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GCC invests in safe and secure future

As the region's oil and gas industry strives to improve upon its HSSE standards, companies across the spectrum are increasing spend on various aspects of security equipment, making it a potentially lucrative market for manufacturers and suppliers

Offshore, ANALYSIS, Industry Trends, Onshore

The Middle East has, over the years, been known to all and sundry as not just the biggest oil hub in the world, but also for having an established oil and gas industry that can boast of safe and secure operations. Considering that the GCC owns some of the busiest oilfields and offshore drilling rigs, and pumps about 19mn barrels of oil per day, it reports negligible incidents of onsite accidents, fire outbreaks and oil spills.

Major regional players – primarily the National Oil Companies (NOCs) – have traditionally allocated sizable chunks of their budget in securing their daily operations and maintaining overall health, safety, security and environment (HSSE) standards. Spending big on security equipment being among that.

“Our experience in the GCC region shows that oil and gas companies are very safety conscious,” Dr. Liane Smith, managing director of British asset integrity company Wood Group Intetech, says. “We recently visited an operator’s office in the region that had safety statistics and signs on every floor of the building. This awareness is prevalent across the GCC, where many organisations have a significant focus on safety across the business.”

Industry experts also feel that securing oil and gas operations is a dynamic process and regional companies must continue to strive towards attaining excellence in HSSE standards. “Safety is a prime concern in the industry, but as in all things there is always room for improvement or better ways of doing things,” Scott Starr, marketing director of US-based Firetrace International, told Oil & Gas Middle East.

Speaking of safety and security in the oil and gas sector, the first aspect that comes to mind is fire protection systems (FPS). Fossil fuels being highly flammable commodities, the risk of fire outbreaks are high and the global energy sector has suffered numerous such deadly accidents that have amounted to both loss of life and operations. “There are a multitude of flammable fuels and materials and ready ignition sources at every oil and gas operation. A fire of any size is always a serious situation in such a setting. Detection and suppression of a fire in its earliest, or incipient, stage stops small fires from growing large enough that they can threaten lives and property,” Starr says.

He claims Firetrace International has sought to address this particular challenge of fire security. “Firetrace systems detect and suppress fires automatically and can be installed in remote or hard to reach areas, providing an extra margin of safety for O&G workers by extending the capabilities of fire suppression into the microenvironment areas where it starts rather than taking a macro approach to detection and suppression,” he says.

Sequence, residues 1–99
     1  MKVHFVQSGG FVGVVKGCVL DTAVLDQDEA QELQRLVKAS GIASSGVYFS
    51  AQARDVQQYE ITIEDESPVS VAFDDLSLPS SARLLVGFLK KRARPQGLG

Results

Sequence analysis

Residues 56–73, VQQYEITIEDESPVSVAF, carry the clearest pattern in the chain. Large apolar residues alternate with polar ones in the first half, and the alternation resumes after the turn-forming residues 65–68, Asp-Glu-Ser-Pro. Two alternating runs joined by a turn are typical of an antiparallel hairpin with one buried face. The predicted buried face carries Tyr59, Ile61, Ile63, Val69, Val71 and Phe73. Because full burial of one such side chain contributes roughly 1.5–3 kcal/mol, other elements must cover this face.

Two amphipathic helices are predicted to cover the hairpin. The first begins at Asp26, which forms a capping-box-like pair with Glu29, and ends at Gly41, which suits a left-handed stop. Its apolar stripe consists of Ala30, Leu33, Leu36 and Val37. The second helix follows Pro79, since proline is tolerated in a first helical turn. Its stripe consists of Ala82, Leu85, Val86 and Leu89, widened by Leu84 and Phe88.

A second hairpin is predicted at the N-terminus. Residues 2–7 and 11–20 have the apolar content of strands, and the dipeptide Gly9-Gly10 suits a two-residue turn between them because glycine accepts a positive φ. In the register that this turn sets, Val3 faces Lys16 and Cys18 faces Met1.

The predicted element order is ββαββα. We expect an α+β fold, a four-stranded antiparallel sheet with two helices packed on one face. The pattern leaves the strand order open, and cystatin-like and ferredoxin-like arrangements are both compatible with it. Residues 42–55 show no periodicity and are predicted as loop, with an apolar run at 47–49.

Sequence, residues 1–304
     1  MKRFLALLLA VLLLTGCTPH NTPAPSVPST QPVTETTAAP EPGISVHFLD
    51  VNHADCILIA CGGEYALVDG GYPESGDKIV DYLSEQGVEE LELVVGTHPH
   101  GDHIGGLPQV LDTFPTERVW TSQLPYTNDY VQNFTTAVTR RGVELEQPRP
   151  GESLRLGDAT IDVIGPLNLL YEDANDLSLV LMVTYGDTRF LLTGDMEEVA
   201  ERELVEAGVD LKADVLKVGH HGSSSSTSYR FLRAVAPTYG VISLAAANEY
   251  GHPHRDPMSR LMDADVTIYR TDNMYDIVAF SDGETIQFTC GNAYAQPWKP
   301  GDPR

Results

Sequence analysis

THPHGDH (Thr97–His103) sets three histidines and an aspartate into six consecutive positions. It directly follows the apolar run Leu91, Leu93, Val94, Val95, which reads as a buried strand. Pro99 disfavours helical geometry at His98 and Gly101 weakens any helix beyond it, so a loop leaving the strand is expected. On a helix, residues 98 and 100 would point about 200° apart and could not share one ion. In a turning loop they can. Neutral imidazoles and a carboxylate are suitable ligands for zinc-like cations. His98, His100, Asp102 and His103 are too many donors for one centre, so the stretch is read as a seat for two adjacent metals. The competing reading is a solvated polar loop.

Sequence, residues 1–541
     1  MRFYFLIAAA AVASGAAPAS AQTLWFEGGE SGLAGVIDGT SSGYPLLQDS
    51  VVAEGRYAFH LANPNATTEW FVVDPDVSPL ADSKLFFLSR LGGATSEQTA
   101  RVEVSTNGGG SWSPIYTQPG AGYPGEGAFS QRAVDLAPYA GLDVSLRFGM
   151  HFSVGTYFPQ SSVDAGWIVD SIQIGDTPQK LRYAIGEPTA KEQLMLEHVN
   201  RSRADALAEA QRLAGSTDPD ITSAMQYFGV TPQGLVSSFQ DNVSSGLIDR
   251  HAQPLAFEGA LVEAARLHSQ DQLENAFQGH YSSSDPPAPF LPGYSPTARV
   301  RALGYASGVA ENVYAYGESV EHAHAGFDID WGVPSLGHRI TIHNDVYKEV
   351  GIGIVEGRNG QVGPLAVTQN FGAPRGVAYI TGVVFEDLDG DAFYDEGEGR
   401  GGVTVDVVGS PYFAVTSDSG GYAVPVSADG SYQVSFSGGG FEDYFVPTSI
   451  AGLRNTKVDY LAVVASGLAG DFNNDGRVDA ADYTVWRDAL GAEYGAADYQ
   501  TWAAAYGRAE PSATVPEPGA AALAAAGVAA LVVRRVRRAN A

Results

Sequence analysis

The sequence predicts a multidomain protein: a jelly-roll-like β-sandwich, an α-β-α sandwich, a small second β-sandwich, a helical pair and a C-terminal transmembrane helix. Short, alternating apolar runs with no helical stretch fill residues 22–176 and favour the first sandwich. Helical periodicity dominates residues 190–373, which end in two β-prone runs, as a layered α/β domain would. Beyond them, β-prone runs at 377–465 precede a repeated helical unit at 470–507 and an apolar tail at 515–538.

Starr explains the workings of his company-manufactured FPS equipment’s working: “Firetrace pre-engineered systems suppress small fires automatically before they can grow, and Firetrace engineered total flooding systems can protect entire rooms or other large spaces containing high asset or mission-critical equipment necessary to maintain the safety and security of oil and gas operations. Firetrace utilises a pressurised polymer tube for detection that is ideal for the oil and gas market as it is quite resilient and very tolerant of dirt, grime, oils, and vibration; a benefit that any other detection method struggles to match.”

Tech Navio, a London-based research firm predicts the global FPS market in the oil and gas industry to grow steadily at a Compounded Annual Growth Rate (CAGR) of close to 4% during the 2016-20. One of the primary drivers for the growth of this market is the stringent regulatory framework set up by the government, the report says. These regulatory frameworks and standards state that every direct oil and gas operators should allocate a certain share of their overall investments in fire safety. As per these standards, the establishment of a health and safety department in every oil and gas facility is mandatory to analyse and prevent fires during onshore and offshore activities, Tech Navio says in its report.

Dubai-based FPS products and services provider NAFFCO, which has recently formed a specialised oil and gas division, has been actively marketing its exclusive series of inergen gas (a type of inert gas) cylinders that offers specific advantages to oil and gas facilities. Rajendran Ekambaram, senior operations manager – Fire Engineering, at NAFFCO, explained the merits of the equipment to Oil & Gas Middle East, during the Intersec industrial security exhibition in Dubai in January.